Creating a business plan can bring your e-commerce business idea to the next level. Having one can help you grow through essential preparations. It can also help you find funding. A plan can impress potential investors or allow you to apply for a small business loan. But there are a few things to include to help show what’s great about your new business.

This guide to writing a business plan for e-commerce business covers:

  • Business description
  • Competition
  • Marketing
  • Financials

Business description

Products or services

Clearly explaining what you sell, whether that’s products or services, will help people understand the business better. What you offer can convince investors or lenders to get excited about the company.

You can detail your unique selling point (USP), or the key strength of what you sell, to show that your offering will be successful. Ideally, it is also something that no other business offers. For example, if you sell t-shirts, they could have unique, custom-made designs.

Suppliers

For an e-commerce business, stocking your products is a crucial component to earning money. That is why investors or lenders will look for details on supply in your plan. In this part, outline any manufacture or supply process you currently use or plan to. For example, you might have a dedicated supplier of mugs that you print your design onto.

Distributors

Once you have a supply chain, you’ll need to get the products to your customers. Detail what happens when someone buys something from your e-commerce site. You might have a dedicated courier, so explain the relationship. It may also be helpful to mention any backup companies you could use if something goes wrong.

Manage the costs of supplies or distribution, with a current business account with built-in accounting software. Countingup, makes finances accessible. It includes an expense categorisation feature, so you can sort all of your costs with HMRC approved labels.

Competition

Competitor research

To find information about your competition, you can research other e-commerce sites. Look at the types of products other companies sell and see which ones might be similar to yours. They may have links to their social media accounts through their website. You can make a note of the content they put out on their Instagram, for example, and how regularly they upload. 

Specific competition

By singling out specific competitors in your plan, you can show the businesses you compare yourself to and what you are aspiring toward. by offering. Think about any sites that might take customers away from yours, even if it doesn’t seem obvious. For example, if you sell vinyl records, you may also count music streaming sites as competition.

Overall market

To give investors or lenders a better understanding of the market, provide statistics. The e-commerce market overall is a growing industry, but you can likely find some projections for what you sell as well. For example, according to Statista, the eCommerce market in the UK was worth $102.6 billion (£75.2 billion), and fashion made up $34 billion (£24.9 billion) of that.

Marketing

Target audience

Your target audiences are the groups of people that are most interested in your product or service. To find who will be most suited to what you offer, you can send out surveys to the public. Ask questions about interests, lifestyles and social media. For example, 18 to 25-year-olds in university that like rap music and use TikTok could be your key audience.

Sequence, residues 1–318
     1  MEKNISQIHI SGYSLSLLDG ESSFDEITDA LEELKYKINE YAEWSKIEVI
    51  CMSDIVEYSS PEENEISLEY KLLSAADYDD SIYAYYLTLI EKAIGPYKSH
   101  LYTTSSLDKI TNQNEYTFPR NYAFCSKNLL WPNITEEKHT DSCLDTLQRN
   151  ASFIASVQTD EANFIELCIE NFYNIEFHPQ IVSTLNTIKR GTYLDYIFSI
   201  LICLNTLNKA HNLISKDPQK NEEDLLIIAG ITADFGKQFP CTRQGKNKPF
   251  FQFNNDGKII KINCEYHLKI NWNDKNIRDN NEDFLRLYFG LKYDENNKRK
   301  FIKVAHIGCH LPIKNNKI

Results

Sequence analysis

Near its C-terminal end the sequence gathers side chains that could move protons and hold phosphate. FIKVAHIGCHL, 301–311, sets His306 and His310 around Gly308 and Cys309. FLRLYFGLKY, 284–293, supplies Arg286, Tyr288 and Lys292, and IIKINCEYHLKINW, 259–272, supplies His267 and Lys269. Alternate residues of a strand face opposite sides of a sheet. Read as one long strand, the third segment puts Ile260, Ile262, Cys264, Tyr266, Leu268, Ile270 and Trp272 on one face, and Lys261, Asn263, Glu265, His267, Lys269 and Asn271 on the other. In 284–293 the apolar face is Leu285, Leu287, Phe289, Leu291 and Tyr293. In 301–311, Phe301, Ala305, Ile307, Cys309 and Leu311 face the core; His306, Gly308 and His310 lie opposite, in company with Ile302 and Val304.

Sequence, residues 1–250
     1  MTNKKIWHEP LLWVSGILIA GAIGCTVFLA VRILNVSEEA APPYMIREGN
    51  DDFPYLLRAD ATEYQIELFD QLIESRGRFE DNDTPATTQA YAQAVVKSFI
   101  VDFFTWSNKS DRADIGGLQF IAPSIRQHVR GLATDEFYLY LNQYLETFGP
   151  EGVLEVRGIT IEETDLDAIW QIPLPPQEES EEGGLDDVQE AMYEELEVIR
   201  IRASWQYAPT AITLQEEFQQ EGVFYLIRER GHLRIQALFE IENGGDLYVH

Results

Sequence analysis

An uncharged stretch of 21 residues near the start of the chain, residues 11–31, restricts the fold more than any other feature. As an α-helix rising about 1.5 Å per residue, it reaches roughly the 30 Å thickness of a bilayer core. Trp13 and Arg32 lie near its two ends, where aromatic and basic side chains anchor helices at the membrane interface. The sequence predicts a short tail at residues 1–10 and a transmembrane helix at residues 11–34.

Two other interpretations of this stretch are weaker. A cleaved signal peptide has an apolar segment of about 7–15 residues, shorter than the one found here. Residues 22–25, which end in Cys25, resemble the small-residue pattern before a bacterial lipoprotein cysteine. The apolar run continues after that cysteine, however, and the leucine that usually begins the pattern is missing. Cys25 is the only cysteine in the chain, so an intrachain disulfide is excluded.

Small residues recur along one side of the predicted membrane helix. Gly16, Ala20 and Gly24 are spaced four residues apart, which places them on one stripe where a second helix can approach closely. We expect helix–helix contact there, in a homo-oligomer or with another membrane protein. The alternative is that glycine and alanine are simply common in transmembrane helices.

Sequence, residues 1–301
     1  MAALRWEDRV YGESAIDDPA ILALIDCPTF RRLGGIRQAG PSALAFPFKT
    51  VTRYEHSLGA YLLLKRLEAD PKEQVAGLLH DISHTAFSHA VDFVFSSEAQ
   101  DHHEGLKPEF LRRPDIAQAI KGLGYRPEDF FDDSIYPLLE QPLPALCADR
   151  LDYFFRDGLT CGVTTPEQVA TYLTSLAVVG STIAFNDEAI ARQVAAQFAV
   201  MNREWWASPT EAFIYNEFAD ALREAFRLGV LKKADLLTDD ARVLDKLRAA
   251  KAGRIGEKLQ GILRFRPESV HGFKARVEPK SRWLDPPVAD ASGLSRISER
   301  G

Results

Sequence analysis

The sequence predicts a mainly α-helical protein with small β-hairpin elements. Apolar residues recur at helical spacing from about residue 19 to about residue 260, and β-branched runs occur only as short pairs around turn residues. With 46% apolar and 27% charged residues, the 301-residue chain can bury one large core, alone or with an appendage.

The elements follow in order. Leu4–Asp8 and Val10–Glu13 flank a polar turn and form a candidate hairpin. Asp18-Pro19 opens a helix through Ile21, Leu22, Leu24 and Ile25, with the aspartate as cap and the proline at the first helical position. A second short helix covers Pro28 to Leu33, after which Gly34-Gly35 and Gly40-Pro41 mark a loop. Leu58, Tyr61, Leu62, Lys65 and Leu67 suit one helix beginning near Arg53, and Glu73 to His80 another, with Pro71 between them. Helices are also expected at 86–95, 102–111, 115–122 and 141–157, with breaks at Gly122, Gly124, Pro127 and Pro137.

Branding

Based on that audience and your unique selling point, build a brand. Branding covers the identity of your business you present to the public. It can include a name, logo and other elements that are consistent across your business. You can choose specific colours or fonts to use, perhaps even a tone of voice to communicate with customers. 

Channels

If you have a clear audience and a strong brand, your plan can include marketing channels. These are how you choose to get the word out about your business. There are many options to use, but it’s easier to decide if you tailor your approach to your desired audience. For example, if Facebook and surfing are popular with your audience, you could set up a beach-themed campaign on the platform. 

Financials

Most lenders or investors will be particularly interested in the amount of money you ask for. They will want to know why it’s that figure and what you plan to do with it. Banks also like to know you can pay it back with interest, and investors want to see the growth potential.

To show that you haven’t plucked a number out of thin air, include a strategy for the business and the costs for each step. For example, if you ask for money to use for marketing, mention your campaign budget for each channel. You can perhaps research those costs by asking for quotes from digital marketing agencies.

The expectations for the business are crucial. To show them financially, you can include a sales forecast. It calculates your projected sales revenue (money combining in) by multiplying the number of sales by the prices. You can lay out a forecast for a month, quarter or year.

Keep your ecommerce business online with Countingup

As an e-commerce business, there are likely supply and distribution costs to maintain. In addition, marketing is likely to also play a significant role in driving your sales. To avoid the expenses of one part of the business affecting another, you should keep an eye on your incoming and outgoing money.

By setting up a business current account with Countingup, the app provides accounting software to make management easy. One of its features is cash flow insights, which routinely make you aware of any changes to your finance.

Start your three-month free trial today. 

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